Personal Safety: personal experience pushes need for safety steps

A few weeks ago, I was about to cross the road to the parking lot after getting off work when I noticed a strange man coming towards me. As he started approaching me faster, I froze in fear before I turned around and started walking away. “Oh you’re gonna walk away from me?” the man said. That was when I started to sprint. I could hear him running after me as he continued to yell, “Get back here! Stop running from me!” I came to the door of the building and it was locked. I pounded my fist on the door until one of my coworkers ran up, unlocked the door and pulled me into safety. This is when I knew I needed to be more informed about how to be safe in public, and I decided to talk to Full-Time Army National Guard and Chief Warrant Officer 3 Jeremy Toppe.

According to Toppe, in dangerous situations there are three possible things that can happen. You either fight, flight or freeze; you never want to be in a situation where you freeze.

Toppe said, “A phrase the military uses for when someone freezes is called the X. You want to get off the X. Get off the X means that when you’re confronted with a threatening situation, you’re going to do one of three things. You’re going to fight, flight or freeze. The worst of those is to freeze. It’s when you’re stuck on the X and you don’t realize that all you need to do is get off the X. If you find yourself standing on the X, you need to identify that you are on the X and that you need to move.”

According to Toppe, noise and distance can be your best friend, but if moving is not an option, plan B is to fight back. He said that there are certain objects you can use to defend yourself like pepper spray.

“If you buy pepper spray, buy two. You try one out so that you know how far it’s going to shoot. Is it going to spray on your hands when you spray it? Key chain pepper spray is one use. So if you miss or it sprays in the wind, it’s done. You’ll need a plan B. My wife carries a different kind of spray. It’s called the Kimber Pepper Blaster 2,” said Toppe.

The Kimber Pepper Blaster 2 is nonlethal and looks like a small plastic handgun. It can shoot up to 20 feet away, against 20 mph winds, and comes out at 90 mph plastic pepper spray at your target. While regular pocket/keychain pepper spray has only one shot, the Pepper Blaster has two. It is electronically charged and can be clipped to a waistband.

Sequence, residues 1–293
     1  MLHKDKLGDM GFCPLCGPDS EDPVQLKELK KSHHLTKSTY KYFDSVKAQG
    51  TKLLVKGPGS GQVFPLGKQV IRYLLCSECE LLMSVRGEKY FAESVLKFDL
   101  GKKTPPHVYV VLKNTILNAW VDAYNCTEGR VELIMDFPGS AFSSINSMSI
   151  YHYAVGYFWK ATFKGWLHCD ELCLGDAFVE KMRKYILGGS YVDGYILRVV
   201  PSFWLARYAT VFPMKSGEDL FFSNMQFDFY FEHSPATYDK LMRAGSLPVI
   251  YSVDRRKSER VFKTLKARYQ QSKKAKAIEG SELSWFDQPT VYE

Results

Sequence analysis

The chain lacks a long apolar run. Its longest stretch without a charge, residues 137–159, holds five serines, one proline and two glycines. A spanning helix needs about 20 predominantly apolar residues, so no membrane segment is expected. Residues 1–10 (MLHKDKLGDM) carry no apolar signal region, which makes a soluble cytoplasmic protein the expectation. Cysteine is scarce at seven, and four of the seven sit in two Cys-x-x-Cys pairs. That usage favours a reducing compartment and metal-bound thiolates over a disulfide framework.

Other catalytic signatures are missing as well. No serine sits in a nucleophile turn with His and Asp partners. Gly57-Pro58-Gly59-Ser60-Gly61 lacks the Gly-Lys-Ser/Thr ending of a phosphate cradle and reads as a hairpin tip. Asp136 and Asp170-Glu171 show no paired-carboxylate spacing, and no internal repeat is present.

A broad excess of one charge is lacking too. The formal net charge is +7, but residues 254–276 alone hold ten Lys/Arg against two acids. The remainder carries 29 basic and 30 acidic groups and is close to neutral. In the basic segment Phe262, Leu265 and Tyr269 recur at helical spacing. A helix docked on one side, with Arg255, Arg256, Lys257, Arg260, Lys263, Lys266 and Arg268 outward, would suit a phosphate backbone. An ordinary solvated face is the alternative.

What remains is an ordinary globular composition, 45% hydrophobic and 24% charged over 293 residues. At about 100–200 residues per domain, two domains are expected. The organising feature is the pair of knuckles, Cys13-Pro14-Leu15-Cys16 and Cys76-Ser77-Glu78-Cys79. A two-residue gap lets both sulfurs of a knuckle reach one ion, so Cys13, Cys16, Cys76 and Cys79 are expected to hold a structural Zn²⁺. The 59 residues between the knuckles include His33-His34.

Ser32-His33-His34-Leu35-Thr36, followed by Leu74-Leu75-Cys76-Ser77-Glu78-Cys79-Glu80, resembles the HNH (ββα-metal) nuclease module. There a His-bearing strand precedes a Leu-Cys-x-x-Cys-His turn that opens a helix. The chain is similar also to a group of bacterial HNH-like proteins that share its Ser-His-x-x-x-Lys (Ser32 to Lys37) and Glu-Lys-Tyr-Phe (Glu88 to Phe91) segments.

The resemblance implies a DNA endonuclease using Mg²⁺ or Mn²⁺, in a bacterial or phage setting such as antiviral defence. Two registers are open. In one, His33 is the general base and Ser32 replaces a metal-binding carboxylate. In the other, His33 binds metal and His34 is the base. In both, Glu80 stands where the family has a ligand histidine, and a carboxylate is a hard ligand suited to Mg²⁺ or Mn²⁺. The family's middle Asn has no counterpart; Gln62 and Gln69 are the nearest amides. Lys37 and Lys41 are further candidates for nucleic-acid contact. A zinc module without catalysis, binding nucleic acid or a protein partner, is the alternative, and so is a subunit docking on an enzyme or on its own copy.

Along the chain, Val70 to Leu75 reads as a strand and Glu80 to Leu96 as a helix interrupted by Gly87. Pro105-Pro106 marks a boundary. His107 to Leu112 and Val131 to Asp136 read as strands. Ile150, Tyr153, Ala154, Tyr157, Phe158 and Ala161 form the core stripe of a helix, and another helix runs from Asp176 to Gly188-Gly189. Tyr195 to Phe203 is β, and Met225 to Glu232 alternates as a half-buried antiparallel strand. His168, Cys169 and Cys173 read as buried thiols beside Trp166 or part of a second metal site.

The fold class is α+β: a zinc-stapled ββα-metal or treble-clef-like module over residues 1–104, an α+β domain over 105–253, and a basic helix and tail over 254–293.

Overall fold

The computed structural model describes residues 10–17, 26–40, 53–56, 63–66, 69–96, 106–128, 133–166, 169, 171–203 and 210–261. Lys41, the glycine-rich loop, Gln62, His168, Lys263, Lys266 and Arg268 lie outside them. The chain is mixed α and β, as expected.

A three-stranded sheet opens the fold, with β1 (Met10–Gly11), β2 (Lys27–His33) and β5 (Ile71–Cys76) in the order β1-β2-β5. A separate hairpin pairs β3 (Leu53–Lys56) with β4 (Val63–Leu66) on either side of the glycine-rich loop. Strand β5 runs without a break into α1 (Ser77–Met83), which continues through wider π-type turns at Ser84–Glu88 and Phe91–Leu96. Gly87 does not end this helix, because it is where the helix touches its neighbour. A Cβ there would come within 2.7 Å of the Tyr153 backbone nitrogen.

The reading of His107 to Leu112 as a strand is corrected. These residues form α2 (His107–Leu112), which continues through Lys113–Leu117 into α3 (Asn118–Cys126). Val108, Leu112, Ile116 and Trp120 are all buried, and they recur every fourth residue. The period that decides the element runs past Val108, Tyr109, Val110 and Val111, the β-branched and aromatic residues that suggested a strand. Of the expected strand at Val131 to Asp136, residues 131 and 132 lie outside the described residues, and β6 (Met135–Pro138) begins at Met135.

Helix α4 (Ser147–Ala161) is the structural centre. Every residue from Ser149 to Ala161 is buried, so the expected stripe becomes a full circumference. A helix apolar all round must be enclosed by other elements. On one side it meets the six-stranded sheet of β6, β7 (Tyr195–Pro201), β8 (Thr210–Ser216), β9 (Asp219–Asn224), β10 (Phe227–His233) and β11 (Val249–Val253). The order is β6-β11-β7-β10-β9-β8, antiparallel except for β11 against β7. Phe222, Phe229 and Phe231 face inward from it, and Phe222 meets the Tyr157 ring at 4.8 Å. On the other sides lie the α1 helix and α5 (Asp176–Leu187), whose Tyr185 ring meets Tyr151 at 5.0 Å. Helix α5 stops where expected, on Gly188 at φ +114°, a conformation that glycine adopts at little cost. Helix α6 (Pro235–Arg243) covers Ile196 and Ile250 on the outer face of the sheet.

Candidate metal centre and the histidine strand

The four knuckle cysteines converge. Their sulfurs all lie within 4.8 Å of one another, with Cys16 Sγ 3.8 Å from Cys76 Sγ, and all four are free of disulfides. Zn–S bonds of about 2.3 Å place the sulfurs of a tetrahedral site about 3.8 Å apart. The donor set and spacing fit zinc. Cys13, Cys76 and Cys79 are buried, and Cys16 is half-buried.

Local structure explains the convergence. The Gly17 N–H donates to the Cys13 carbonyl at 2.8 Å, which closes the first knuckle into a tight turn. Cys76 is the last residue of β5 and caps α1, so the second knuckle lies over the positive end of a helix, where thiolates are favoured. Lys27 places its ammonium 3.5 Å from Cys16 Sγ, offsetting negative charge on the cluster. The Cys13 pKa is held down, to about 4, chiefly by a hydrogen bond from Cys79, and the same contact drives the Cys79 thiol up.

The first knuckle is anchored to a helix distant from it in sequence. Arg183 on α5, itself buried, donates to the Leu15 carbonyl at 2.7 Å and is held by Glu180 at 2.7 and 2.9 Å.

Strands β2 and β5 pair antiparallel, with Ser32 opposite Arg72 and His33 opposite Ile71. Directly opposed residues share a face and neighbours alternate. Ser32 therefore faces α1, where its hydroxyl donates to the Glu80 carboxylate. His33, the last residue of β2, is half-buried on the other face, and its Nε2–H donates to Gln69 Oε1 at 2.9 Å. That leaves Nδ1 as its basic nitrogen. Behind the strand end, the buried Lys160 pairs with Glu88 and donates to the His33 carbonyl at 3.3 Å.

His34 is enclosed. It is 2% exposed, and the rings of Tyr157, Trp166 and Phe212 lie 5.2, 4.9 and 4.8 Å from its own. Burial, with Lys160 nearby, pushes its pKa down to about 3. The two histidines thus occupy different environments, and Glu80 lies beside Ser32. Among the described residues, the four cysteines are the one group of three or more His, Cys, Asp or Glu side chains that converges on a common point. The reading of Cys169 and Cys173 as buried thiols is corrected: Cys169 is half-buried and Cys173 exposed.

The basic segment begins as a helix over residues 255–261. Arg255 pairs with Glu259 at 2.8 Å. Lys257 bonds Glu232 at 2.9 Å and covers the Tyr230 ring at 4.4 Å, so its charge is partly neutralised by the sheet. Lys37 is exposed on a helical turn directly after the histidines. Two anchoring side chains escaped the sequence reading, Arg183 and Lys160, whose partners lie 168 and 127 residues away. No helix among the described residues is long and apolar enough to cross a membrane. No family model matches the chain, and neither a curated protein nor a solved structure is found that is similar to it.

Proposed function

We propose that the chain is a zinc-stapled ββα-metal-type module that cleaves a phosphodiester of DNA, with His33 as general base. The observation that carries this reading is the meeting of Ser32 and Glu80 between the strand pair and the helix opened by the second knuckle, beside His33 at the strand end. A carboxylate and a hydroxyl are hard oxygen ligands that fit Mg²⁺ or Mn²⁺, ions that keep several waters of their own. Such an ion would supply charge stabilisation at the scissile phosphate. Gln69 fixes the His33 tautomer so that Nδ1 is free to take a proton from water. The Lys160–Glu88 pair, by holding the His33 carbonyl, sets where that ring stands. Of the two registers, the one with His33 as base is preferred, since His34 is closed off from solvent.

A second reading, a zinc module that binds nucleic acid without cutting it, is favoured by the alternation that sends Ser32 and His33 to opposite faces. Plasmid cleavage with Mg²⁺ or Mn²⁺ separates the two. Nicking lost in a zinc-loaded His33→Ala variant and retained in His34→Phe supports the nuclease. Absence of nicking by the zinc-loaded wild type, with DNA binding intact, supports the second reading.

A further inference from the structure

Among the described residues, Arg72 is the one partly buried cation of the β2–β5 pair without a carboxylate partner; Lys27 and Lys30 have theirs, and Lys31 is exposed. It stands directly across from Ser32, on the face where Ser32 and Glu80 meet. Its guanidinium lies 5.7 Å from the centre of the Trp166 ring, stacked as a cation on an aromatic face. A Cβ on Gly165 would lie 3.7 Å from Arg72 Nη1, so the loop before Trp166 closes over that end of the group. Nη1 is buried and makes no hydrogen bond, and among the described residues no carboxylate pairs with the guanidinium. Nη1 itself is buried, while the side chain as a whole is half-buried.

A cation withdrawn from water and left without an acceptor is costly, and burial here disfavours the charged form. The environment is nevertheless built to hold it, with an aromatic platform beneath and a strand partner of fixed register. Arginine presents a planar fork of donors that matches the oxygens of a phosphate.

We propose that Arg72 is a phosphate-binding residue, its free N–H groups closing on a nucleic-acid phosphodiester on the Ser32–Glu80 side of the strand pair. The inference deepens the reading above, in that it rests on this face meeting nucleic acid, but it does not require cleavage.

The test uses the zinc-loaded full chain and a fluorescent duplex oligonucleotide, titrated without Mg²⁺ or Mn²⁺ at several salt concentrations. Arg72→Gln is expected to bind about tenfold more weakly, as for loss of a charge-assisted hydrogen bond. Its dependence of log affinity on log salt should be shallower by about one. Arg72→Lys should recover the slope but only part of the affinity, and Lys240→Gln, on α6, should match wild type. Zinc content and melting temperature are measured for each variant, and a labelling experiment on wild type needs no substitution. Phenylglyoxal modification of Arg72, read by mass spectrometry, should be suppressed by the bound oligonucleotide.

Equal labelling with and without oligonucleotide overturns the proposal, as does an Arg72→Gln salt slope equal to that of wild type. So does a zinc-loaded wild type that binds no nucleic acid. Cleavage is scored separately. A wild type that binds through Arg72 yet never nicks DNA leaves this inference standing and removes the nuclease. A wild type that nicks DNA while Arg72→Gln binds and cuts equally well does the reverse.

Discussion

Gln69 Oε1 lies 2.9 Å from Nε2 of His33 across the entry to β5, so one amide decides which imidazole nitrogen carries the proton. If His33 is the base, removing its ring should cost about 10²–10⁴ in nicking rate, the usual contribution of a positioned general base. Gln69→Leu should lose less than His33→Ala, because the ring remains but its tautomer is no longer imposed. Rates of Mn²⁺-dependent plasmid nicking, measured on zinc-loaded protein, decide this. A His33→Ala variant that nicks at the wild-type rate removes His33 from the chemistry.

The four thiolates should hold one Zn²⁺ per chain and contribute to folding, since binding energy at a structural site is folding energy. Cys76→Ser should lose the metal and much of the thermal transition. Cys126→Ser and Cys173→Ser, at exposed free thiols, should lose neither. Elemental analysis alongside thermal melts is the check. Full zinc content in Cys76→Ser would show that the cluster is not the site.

Toppe said, “We could go on and on about things you could carry to keep you safe, but the best thing that you can have in your arsenal is your presence. If someone sees you, what vibe are you giving off? The number one thing to keep you from being a victim or being victimized is your presence and energy. Yeah, tools and gadgets can come in handy, but the most important is your confidence. Don’t look timid. Don’t look like you’re someone’s target.”

Another key step to stay safe is being aware of your surroundings. To do this, you must have all access to your senses. For example, the sense of hearing is being eliminated when someone has earbuds in. Vision is eliminated with someone is looking down at the ground. Be sure to walk with your head up. If someone suspicious is staring at you, stare right back. This shows strength. Another thing Toppe mentioned is to never make a tight turn around a corner. You don’t know what might be on the other side, so always make a wide sweep.

“Recognize your environment. Take a look around. Get your face out of the phone when you’re walking,” he said, “You observe through your senses. You need to be able see, hear, even smell what’s going on around you. If you take one of your senses away, especially such a critical one like hearing or sight, then you’ve taken part of your arsenal away. You’ve completely disarmed yourself if you can’t hear or see what’s going on.”

Toppe also said you can not always avoid certain places even if they may seem dangerous at the time. He said that you never know when you might need to run to Walmart and it could be dark out. You can not always think that you must avoid certain things, but to always be prepared instead.

“Telling you to avoid certain things is like telling you not to have fun. What I have learned by dealing with this is to not feel like you have to avoid anything, but bring with you your presence and situational awareness. Be aware of your environment. Places you should avoid are places that you already know are a bad idea. Places that might contain drugs or places that might have high crime rates. Things you may already know. By just simply being aware of your surroundings, you should be able to tell what a safe place is.”

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